Tuesday, 1 January 2019

Welcome To Marwen

Guy N’ Dolls

Welcome To Marwen
2018 USA
Directed by Robert Zemeckis
UK cinema release print.

So... I saw Welcome To Marwen on the first day of it’s release in the UK, which was New Year’s Day 2019. I more than not often find some of the best films of the year released in the UK over here at that time and, perhaps surprisingly, this film is no exception to that rule.

I say “surprisingly” because, although I was hooked into the idea of seeing this movie when I first saw the trailer a number of months ago, I had no idea the film did such bad business when it was released in the USA. Which just goes to show you how wrong the ‘box office’ can be when it comes to judging the art of film for its actual merits because, I have to say, this really does feel like it will quite possibly make my 2019 top ten movies listing.

The film stars Steve Carell, an actor I’m not that impressed with when he does comedy but, if you may remember if you’re a regular reader, I thought he was absolutely brilliant in the one straight role I remember seeing him in, Seeking A Friend For The End Of The World (reviewed by me here). As I’d suspected when I saw the trailer, Carell is absolutely magnificent in this as he plays both Mark Hogencamp and his imaginary alter ego, Captain Hogie, one of the dolls/action figures he works with as an artist. What I didn’t realise is that this is actually a true story. This man really exists and this is his tale...

A tale of a once great illustrator who was viciously attacked one night outside a bar for admitting he likes to strut around in high heel shoes on occasion. The night he had all memories of his former life brutally eaten out of him and, after some intense physiotherapy, barely escaped with his life. What helped him escape was the photography he created of the dolls within the village of Marwen, with which he acted out storylines to get him through the days. He became a well loved local figure and his photography started appearing in art galleries. There was even a documentary film made about him and the actual name of the real model village he made (which I won’t give away here because it becomes a story elevation point in this movie).

In the village of Marwen, in the Second World War, Hogie gets into all kinds of lethal scrapes with perpetually regenerating nazis but, he has the sexy ladies of Marwen, all armed to the teeth, to help him defend the village and attempt to protect those he loves.

And its a wonderful film. Steve Carell, as I said, does an amazing job here and so do his co-stars... Eiza González, Leslie Zemeckis, Merritt Wever, Gwendoline Christie, Stefanie von Pfetten, Janelle Monáe and Leslie Mann as the lovely new neighbour Nicol... as they all transform into animated, miniature action figures of themselves and fight imaginary battles as Hogencamp tries to survive the aftermath of the injuries on his torn apart life.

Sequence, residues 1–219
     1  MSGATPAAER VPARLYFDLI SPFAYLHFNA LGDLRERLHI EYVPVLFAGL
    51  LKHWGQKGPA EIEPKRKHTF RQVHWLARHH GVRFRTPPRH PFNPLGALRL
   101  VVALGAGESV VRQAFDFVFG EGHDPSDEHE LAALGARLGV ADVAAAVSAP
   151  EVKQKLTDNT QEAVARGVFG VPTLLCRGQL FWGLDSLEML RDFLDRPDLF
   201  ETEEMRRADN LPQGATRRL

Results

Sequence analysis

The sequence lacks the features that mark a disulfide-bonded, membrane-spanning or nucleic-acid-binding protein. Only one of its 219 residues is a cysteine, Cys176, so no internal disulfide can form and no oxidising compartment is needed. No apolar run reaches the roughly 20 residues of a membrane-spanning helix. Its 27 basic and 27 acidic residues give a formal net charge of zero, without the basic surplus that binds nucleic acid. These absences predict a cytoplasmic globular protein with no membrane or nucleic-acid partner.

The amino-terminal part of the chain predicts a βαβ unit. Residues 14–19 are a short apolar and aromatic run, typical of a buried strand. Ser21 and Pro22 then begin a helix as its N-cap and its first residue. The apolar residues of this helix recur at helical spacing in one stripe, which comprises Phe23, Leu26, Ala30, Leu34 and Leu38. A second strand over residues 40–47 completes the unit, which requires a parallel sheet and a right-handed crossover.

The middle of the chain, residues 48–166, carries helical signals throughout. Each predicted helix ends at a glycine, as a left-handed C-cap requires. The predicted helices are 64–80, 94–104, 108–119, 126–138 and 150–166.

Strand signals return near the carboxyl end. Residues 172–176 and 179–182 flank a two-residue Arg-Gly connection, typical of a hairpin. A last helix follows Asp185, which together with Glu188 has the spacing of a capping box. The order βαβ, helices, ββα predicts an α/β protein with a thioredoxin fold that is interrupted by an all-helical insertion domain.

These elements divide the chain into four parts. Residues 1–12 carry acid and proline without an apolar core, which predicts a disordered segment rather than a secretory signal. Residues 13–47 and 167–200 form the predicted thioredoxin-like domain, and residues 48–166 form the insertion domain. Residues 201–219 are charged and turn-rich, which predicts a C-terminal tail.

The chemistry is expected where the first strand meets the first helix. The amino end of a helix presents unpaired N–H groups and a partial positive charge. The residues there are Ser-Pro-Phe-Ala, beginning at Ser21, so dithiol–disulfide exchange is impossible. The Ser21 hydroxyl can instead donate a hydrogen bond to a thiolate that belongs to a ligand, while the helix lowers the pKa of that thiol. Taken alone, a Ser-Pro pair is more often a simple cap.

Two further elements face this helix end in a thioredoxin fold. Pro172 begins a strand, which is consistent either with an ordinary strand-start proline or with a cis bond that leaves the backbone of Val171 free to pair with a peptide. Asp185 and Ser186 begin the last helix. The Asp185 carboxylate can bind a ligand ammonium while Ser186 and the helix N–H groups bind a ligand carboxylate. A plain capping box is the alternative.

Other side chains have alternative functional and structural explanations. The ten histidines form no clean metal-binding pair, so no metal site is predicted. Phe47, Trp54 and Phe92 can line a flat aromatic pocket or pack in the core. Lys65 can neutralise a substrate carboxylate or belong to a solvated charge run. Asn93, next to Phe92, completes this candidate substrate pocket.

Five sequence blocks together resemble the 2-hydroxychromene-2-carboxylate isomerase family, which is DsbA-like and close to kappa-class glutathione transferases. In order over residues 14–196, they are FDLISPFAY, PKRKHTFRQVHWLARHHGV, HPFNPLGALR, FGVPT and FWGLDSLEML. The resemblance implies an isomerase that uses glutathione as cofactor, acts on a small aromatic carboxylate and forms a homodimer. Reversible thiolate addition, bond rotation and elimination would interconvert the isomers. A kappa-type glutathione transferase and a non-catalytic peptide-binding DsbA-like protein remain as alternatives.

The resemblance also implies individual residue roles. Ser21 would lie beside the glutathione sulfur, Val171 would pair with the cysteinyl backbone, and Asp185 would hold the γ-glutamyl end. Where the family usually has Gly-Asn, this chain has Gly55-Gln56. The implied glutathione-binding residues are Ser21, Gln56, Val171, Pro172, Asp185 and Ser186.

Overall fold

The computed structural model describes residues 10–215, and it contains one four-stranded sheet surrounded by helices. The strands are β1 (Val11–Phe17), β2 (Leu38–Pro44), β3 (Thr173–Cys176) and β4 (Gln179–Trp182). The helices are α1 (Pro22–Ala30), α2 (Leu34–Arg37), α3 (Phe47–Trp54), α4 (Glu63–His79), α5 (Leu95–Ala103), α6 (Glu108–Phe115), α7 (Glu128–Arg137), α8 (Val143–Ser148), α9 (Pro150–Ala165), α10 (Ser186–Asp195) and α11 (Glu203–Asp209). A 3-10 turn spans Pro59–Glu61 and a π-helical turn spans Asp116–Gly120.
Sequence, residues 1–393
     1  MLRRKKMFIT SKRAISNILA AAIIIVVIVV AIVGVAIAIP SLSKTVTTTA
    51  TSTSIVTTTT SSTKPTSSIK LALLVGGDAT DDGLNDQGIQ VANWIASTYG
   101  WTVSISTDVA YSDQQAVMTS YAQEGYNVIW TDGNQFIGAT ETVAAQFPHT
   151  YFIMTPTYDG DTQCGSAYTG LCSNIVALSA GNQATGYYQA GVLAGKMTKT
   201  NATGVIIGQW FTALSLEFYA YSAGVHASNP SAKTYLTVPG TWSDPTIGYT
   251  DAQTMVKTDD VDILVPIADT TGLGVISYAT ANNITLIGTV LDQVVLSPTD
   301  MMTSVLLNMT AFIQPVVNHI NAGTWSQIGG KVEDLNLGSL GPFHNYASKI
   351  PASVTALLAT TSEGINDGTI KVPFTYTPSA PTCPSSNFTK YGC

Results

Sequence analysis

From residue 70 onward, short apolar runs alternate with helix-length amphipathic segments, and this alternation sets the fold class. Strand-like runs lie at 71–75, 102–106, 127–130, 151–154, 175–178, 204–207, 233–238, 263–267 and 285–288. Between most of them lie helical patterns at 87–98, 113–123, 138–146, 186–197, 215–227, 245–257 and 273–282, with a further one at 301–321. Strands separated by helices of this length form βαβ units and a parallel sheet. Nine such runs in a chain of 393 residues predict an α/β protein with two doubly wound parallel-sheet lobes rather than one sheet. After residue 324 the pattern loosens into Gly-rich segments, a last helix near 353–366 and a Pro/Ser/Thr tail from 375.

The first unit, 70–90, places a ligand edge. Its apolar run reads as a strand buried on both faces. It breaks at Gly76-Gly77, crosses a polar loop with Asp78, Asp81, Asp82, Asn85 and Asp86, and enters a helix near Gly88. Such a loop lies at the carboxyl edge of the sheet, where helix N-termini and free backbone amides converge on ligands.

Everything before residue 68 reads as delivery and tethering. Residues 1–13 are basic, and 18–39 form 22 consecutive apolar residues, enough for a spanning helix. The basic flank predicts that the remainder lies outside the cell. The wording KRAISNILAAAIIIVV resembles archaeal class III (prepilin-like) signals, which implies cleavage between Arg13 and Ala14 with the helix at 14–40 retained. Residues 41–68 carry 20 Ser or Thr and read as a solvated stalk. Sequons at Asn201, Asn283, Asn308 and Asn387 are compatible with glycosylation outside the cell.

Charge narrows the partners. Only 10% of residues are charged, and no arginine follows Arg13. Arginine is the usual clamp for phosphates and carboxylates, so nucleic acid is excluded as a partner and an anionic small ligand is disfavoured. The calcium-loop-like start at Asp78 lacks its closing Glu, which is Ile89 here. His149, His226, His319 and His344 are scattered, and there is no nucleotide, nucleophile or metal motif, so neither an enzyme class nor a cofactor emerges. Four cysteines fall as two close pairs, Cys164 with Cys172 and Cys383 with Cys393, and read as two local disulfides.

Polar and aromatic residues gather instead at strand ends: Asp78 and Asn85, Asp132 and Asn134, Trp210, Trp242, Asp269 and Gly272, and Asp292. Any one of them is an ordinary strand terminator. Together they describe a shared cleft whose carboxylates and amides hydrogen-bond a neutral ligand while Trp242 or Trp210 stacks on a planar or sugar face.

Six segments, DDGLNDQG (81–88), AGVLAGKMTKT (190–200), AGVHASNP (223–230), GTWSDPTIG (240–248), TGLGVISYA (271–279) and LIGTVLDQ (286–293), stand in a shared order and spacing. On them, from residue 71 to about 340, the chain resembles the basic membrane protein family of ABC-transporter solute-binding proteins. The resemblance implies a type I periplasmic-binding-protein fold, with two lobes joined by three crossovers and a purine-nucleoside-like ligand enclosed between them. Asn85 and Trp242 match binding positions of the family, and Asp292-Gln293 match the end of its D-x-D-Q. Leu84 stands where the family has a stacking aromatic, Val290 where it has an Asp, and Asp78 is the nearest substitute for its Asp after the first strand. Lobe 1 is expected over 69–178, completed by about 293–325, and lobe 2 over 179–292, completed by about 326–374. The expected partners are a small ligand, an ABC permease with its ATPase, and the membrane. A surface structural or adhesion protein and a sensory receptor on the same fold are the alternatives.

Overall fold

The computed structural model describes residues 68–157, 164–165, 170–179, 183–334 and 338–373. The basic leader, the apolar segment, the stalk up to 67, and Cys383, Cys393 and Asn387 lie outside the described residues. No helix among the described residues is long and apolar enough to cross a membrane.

And, it’s a beautifully made film. Although the premise of characters turning into action figures could be conceived as a premise rife with opportunity for comedy, the film plays things from the heart and captures the drama and sentimentality of the situation instead (that being said, there’s a brilliant line about a ‘milk maid’ losing her cow in some cross fire and being seen to be suffering from ‘cow-lateral damage’). There’s even a character named after Edgar Rice Burroughs’ iconic Barsoomian princess Dejah Thoris, although the doll with this name here is a much more nefarious character and, when Hogencamp builds her a miniature time machine which bears more than a passing resemblance to a certain other film directed by Robert Zemeckis, there’s a nice tribute to the twin fire trails as the vehicle leaps into action. I was surprised, actually, that Alan Silvestri, who provides a heartwarming score here, wasn’t tempted to quote his own score for Back To The Future when this obvious homage occurs in the movie.

The film takes some definitely odd twists and turns in things which are revealed about the central character and the way others react to him and, all I can say is that I suspect this is maybe because the film could be ringing a lot closer to the truth of the actual events than the average docudrama (asides from all the moving action figures, obviously). The ending might be one of the things which turns people off this movie actually but, frankly, I was really pleased with the way this one finishes up and, if you want to read more into the tone of the ending then you always have the earlier scenes where a certain action figure character’s dress pops open to find some kind of closure to the final beats of the film.

And that’s all I have to say about this one. Welcome to Marwen is a truly beautiful film and one I’m glad I’ve had the privilege of seeing on the big screen. I wish it would have been out earlier over here so it could have made my Best Of 2018 list (which you can find here) but I’m glad I finally got to see it. Highly recommended.

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